The conflict between Ukrainians and Russians is absurd and unthinkable from the perspective of the Russian world. Although initially Ukrainian identity was anti-Russian, artificial and surrogate (in fact it was the project of Austria-Hungary and Germany in the early 20th century), it received new positive development in the USSR. The Soviet and Russian world accepted Ukraine and made it part of the country. Russia, no matter whether it exists as an empire or a federation, has no problem with integrating the most diverse ethnicities, nationalities, cultures and religions.
Contemporary Ukraine sincerely believes it is part of Europe and the abstract West primarily mentally rather than geographically or attributively. The naïve faith in "Euro Communism" that has penetrated Ukrainian society is irrational and uncritical, and is fueled by a radical setoff against Russia, even if this is done with the help of human trash like WWII Nazi punitives.
Ukraine's current identity is both infantile and aggressive. As a result, Ukrainian society is irrevocably losing the ability for realistic analysis of the situation. The problem is that no matter how powerful the virtual Ukrainian identity and its puppet media may be, the growing human toll of the civil war and the imminent economic disaster are real.
But the West is not worried about Ukraine's destiny: Europe views it as a market, while for the United States it represents a new front against Russia. Only Ukrainian society fails to understand this: having accepted the negative identity of the anti-Russian world, Ukraine has ceased being a political, economic or historical entity.
After Ukraine: Challenges for Russia
Ukraine's historical destiny is predetermined. Now the most urgent issue is whether Russia will survive Ukraine's agony, which will be accompanied by global Western pressure.
The threat of a virus of domestic mentality exists in Russia as well. The anti-Russian world's sphere of mentality is not an abstract notion. It is shaping the social environment (primarily among the elite) and institutes that are introducing a negative identity inside the country.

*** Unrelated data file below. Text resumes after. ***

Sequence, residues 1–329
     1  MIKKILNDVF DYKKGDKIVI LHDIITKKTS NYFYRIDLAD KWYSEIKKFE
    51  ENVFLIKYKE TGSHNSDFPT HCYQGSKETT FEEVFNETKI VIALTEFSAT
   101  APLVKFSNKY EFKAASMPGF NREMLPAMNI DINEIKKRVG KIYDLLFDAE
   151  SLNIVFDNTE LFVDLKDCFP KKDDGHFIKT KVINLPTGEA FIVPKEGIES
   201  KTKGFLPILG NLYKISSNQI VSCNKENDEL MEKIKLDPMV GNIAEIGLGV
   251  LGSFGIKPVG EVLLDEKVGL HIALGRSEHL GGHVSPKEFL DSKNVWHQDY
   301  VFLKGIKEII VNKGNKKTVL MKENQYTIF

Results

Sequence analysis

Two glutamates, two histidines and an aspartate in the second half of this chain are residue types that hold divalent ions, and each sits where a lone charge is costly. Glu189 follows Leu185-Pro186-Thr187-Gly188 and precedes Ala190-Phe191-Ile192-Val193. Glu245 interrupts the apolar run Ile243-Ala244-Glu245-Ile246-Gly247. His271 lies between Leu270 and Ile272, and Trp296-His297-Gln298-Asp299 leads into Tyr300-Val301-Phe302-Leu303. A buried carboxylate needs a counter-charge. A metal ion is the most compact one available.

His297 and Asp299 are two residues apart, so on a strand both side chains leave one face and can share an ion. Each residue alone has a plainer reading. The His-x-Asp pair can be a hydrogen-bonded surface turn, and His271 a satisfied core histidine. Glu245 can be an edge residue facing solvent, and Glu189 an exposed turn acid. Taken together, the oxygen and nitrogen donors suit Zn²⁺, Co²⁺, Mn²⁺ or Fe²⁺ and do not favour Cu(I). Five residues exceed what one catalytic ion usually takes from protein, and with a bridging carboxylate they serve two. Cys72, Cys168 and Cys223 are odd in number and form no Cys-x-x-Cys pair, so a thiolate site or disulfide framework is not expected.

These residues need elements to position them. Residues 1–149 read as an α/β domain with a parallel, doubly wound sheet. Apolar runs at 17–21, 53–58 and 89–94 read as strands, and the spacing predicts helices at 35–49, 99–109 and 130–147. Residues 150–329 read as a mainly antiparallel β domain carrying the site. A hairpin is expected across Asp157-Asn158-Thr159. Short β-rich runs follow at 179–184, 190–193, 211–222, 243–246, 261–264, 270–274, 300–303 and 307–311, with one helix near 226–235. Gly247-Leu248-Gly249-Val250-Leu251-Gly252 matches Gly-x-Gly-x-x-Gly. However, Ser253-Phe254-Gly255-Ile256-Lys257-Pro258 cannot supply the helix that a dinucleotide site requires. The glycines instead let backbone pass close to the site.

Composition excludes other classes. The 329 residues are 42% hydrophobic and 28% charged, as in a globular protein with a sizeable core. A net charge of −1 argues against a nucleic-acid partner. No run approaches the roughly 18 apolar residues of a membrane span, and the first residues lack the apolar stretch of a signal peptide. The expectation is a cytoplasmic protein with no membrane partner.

The degradation of society continues although it has been somewhat weakened by the inoculation of the Ukrainian events. However, the understanding of the social reality and mechanisms of the modern world arrangement remains low. The immunity to negative and manipulative information influence is sooner instinctive in Russian society.
The ideology of Western supremacy and one's own wrongness, second-rate importance and uncivilized character is still shared by a part of active society and is being pumped into the minds of society at the most different levels. Society's critical mentality (especially among the so-called creative class) remains at a very low level, making it an easy target of manipulation, as the White Ribbon Revolution showed in 2011-2012. Social media vividly demonstrate this fact.
To counter negative identity it is essential to start interpreting and explaining the West's political language to the public in large. In this language, words have the opposite meanings, not only at the level of propaganda but also at the level of systemic, economic-political, sociological and philosophical knowledge (which threatens the power of the liberal elite). Otherwise, a new devastating blow will be dealt to Russia again, this time from within.
Pavel Rodkin (PhD, Art History) is expert on branding and visual communications, and member of the Rossiya Segodnya Zinovyev Club